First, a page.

There has been much discussion on Capitol Hill and throughout the nation about increasing funding for infrastructure. From highways to transit to ports, our nation depends on infrastructure to thrive. Though federal lawmakers are once again looking toward a short-term funding patch for the beleaguered Highway Trust Fund, ASCE continues to advocate for a long-term, sustainable funding solution.
There have been several bills proposed by legislators in the past few months. The Update Act and Repatriation bill are two proposals that have garnered considerable media attention. In USA Today, Rep. Paul Ryan lauded the Repatriation bill, aimed at lowering the tax rate on overseas profits earned by U.S. corporations and using the tax revenue for the Highway Trust Fund, as part of a permanent reform going from a worldwide system to a “more internationally competitive exemption system.” ASCE supports these bills to fund surface transportation; however neither proposal has gained significant traction or bipartisan consensus on Capitol Hill.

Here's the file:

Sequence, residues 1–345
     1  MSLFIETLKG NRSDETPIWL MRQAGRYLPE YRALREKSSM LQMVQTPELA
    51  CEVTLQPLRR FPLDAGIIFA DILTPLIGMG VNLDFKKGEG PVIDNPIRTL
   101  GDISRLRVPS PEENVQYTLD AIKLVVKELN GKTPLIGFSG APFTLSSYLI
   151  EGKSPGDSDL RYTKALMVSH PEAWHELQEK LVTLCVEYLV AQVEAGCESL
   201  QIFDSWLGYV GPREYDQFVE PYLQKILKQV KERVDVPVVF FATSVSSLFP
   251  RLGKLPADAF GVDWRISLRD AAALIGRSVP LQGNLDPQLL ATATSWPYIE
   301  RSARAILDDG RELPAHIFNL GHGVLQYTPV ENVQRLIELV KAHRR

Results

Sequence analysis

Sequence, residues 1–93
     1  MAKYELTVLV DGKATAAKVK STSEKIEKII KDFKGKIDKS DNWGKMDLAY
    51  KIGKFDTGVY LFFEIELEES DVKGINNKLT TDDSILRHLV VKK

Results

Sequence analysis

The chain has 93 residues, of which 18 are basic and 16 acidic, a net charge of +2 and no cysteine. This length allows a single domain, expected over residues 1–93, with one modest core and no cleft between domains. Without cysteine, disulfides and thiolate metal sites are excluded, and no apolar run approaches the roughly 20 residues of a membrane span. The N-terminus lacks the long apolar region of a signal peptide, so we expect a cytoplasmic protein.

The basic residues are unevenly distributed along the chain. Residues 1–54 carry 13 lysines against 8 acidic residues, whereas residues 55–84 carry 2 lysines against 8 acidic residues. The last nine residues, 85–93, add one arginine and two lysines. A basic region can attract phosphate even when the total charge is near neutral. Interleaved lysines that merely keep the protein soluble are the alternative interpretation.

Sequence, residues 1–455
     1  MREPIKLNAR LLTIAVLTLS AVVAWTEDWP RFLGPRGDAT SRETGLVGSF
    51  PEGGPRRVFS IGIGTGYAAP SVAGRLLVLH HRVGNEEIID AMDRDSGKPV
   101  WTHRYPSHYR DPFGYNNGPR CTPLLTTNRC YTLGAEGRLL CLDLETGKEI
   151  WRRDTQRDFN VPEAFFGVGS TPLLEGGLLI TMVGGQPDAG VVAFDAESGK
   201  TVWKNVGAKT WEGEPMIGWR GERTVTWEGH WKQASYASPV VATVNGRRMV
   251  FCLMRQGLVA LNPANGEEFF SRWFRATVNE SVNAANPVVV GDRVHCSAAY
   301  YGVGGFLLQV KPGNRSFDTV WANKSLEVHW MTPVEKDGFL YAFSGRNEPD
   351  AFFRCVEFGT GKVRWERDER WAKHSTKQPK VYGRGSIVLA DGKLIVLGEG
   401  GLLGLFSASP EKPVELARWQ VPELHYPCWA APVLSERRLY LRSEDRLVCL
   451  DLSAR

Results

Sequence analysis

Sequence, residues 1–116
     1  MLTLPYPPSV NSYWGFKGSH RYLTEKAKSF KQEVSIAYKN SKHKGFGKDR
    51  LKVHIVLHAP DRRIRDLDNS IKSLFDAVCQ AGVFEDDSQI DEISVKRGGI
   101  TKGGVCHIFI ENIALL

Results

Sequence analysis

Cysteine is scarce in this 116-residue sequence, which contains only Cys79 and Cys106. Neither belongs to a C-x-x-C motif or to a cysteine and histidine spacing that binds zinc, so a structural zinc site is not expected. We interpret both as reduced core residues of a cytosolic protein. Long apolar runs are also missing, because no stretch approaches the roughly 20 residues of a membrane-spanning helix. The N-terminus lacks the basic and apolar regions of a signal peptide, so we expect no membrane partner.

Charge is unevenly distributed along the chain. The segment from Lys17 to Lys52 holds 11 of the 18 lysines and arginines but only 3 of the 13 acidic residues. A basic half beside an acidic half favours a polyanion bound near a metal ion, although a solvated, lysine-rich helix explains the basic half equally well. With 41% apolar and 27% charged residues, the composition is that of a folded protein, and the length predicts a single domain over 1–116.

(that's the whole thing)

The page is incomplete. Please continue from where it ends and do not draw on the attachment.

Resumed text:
According to a recent poll by Mineta Transportation Institute, 71 percent of voters would be willing to pay a dime more than the current 18.4 cents-per-gallon gas tax if the money is spent on “projects to maintain streets, roads and highways.” In contrast to funding patches, raising the federal gas tax would be a stable source of direct funding for transportation infrastructure.
While things at the federal level seem to have stalled, in Michigan voters will soon vote on Proposition 1, which would increase the state sales tax by 1 percent to generate around $1.2 billion a year for roads and at least $107 million annually for public transit and passenger rail.
These state and federal propositions are steps in the right direction for restoring our nation’s transportation infrastructure. Given the Highway Trust Fund’s impending insolvency, it is more critical than ever that Congress work together to pass legislation to provide a sustainable, long-term funding solution to #FixTheTrustFund.